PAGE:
CITADEL sounds kind of silly when you hear a one-sentence synopsis. It's definitely a movie where atmosphere and execution are much more important than plot and that's definitely where this film shines. It's not perfect by any means, but CITADEL is unique and tries its hardest to be effective, which puts it above most standard horror films today.
The movie won the Audience Award at the 2012 SXSW Film Festival and it's not hard to see why. The horrifying opening sequence sets up the rest of the movie with a memorable punch to the throat. I won't spoil the specifics, but our main character Tommy watches helplessly as his pregnant wife is brutally attacked by a group of hooded children. It's such a harrowing, visceral scene before the title card that you completely sympathize and connect with Tommy for the rest of the movie as he's crippled with fear and terrified to leave his home. It's not every film where you root for a character who's scared of his own shadow.
Following the eye-opening prologue, the first hour of CITADEL is a slow burn that sets up the characters and the setting. We never learn exactly what's going on in Edenstown, but it just seems strange—very closed off, helpless, almost dystopian-like. Which is why the addition of scary mutant children works so well. Again, we don't know too much about where they came from or what they are exactly (director Ciaran Foy seems to understand and exploit the fact that the unexplained is often scarier) but they're a fun spin on the modern zombie. The kids are attracted to and feed off people's fear and thus can randomly attack anyone, unprovoked. It's a set up for a tense thriller, a small-scale mix between 28 DAYS LATER and some old-school NIGHT OF THE LIVING DEAD.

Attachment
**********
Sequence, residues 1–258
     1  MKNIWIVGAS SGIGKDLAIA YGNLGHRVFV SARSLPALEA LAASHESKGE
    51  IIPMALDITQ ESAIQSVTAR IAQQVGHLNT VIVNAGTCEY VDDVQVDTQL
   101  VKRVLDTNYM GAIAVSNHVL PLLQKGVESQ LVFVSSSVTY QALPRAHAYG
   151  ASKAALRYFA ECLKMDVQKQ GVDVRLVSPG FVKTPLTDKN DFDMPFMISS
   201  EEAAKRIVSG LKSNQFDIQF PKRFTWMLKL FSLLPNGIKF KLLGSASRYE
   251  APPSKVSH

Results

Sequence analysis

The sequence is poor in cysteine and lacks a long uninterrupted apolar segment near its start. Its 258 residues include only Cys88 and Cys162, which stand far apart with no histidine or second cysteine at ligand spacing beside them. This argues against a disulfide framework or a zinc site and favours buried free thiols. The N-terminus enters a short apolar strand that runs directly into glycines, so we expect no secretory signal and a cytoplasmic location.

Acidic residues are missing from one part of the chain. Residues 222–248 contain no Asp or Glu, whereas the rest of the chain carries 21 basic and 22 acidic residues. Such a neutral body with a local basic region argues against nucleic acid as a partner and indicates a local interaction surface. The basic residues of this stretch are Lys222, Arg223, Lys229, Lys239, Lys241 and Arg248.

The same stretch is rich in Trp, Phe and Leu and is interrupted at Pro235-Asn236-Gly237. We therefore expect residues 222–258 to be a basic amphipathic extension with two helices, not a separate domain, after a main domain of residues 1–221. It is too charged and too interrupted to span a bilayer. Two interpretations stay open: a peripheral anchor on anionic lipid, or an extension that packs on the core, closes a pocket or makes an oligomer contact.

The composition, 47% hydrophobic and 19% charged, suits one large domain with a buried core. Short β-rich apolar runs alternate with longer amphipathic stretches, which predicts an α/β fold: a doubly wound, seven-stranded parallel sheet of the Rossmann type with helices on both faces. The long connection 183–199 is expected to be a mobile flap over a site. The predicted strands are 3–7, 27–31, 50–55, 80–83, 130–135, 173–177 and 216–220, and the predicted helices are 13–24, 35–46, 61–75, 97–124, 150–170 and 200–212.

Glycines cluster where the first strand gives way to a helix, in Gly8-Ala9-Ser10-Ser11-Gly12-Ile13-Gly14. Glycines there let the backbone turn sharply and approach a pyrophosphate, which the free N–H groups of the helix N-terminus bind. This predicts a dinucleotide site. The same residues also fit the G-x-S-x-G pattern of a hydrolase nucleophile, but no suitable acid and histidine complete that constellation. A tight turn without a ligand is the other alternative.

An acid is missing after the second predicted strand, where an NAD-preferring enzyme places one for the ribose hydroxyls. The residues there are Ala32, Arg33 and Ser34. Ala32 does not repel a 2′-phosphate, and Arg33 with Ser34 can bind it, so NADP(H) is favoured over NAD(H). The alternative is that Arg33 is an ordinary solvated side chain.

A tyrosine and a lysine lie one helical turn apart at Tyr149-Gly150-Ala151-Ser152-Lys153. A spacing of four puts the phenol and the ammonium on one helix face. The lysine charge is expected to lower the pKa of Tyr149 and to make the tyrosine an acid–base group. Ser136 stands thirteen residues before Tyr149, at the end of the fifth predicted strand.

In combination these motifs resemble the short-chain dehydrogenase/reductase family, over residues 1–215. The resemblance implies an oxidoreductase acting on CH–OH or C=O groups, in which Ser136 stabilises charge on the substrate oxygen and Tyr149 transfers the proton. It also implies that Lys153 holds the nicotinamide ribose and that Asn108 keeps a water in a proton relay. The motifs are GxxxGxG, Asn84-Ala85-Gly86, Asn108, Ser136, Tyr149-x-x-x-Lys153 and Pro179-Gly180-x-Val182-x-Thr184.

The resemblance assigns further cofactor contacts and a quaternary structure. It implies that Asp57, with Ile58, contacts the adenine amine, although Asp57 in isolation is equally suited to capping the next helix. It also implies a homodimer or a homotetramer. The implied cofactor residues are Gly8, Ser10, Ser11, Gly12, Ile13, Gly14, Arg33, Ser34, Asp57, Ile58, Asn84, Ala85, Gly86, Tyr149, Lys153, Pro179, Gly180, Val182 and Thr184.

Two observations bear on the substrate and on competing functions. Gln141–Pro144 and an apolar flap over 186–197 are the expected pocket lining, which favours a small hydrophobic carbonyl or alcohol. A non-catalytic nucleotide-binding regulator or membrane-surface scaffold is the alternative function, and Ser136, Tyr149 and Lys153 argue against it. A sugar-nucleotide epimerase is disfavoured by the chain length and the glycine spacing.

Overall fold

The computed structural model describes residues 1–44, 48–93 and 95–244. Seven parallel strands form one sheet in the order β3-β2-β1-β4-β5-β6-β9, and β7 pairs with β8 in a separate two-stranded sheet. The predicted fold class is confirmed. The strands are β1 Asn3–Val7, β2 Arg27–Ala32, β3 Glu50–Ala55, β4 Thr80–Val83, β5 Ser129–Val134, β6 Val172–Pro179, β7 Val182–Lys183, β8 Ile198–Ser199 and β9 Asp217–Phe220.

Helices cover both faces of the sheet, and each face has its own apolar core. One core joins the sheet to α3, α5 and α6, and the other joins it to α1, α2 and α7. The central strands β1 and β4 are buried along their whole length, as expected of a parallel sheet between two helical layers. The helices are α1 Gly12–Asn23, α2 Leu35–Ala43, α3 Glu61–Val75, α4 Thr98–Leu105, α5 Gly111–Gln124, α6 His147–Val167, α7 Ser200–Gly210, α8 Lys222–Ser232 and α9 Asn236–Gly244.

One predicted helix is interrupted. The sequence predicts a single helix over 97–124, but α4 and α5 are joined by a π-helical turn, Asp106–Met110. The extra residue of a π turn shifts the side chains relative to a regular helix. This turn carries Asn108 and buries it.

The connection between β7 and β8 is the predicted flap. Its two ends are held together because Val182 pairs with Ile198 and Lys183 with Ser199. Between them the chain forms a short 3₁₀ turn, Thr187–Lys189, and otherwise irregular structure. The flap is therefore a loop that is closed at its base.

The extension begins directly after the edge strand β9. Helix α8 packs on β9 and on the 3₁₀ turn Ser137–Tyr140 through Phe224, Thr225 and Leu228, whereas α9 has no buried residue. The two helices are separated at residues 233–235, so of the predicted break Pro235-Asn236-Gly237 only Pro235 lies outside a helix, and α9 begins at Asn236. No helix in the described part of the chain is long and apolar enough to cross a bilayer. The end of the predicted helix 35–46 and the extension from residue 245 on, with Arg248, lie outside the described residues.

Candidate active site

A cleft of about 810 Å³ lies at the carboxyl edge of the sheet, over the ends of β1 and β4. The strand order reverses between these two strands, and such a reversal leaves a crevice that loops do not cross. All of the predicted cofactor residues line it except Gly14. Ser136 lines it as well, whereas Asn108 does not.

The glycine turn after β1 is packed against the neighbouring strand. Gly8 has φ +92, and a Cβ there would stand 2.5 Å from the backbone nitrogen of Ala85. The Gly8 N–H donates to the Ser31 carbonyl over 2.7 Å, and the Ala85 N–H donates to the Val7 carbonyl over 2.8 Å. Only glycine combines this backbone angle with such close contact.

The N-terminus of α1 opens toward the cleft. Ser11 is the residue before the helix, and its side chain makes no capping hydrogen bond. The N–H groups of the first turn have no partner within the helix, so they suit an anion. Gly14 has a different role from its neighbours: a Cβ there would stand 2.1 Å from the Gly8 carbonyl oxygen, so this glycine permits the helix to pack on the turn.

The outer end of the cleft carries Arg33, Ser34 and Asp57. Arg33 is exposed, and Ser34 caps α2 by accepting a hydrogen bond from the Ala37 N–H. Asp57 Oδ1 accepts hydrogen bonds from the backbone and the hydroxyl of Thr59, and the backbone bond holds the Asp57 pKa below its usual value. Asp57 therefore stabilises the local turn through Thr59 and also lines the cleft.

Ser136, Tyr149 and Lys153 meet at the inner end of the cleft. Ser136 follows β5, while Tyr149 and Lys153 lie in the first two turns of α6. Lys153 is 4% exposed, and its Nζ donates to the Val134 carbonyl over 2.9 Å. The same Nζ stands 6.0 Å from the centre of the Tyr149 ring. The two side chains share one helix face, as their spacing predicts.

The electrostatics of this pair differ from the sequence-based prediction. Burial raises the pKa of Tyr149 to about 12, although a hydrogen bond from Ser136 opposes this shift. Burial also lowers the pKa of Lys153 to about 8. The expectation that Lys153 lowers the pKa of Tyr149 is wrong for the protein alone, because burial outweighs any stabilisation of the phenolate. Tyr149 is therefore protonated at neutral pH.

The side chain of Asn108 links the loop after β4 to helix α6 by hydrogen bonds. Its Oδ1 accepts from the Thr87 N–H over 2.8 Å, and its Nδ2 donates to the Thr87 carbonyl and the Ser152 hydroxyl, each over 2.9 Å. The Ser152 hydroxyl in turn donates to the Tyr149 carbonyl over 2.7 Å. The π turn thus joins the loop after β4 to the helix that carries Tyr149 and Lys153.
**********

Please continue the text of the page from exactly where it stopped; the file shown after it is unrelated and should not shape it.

CITADEL is anchored by Irish actor Aneurin Barnard in a fantastic, memorable performance. His Tommy is beset by crippling panic attacks and constant frustration and Barnard sells the phobia flawlessly. When his daughter gets taken by the gangs, he must confront his personal nightmare and travel to their fortress to get her back. To do so, he teams up with the only man with any knowledge of the enemy—a foul mouthed priest played by Game of Thrones actor James Cosmo. The dynamic between the two is great and when they finally venture in to the lion's den in the final 20 minutes, CITADEL matches the intensity it started with.
Inside the Fear (19:07): A Making Of featurette that heavily features interviews with the cast and crew.
Interviews (43:26): An extended chat with the director and star, some of which was used in the previous feature. A bit more of Foy's personal connection to the movie.
CITADEL is a small, obviously low budget film but it uses that to its advantage as a claustrophobic thriller. With a great lead performance from Aneurin Barnard, it's not your typical horror movie. And that's a good thing.
Extra Tidbit: CITADEL is somewhat autobiographical for director Ciaran Foy, who himself became agoraphobic after suffering a violent attack. According to him, getting accepted in to film school was the one thing that helped cure him.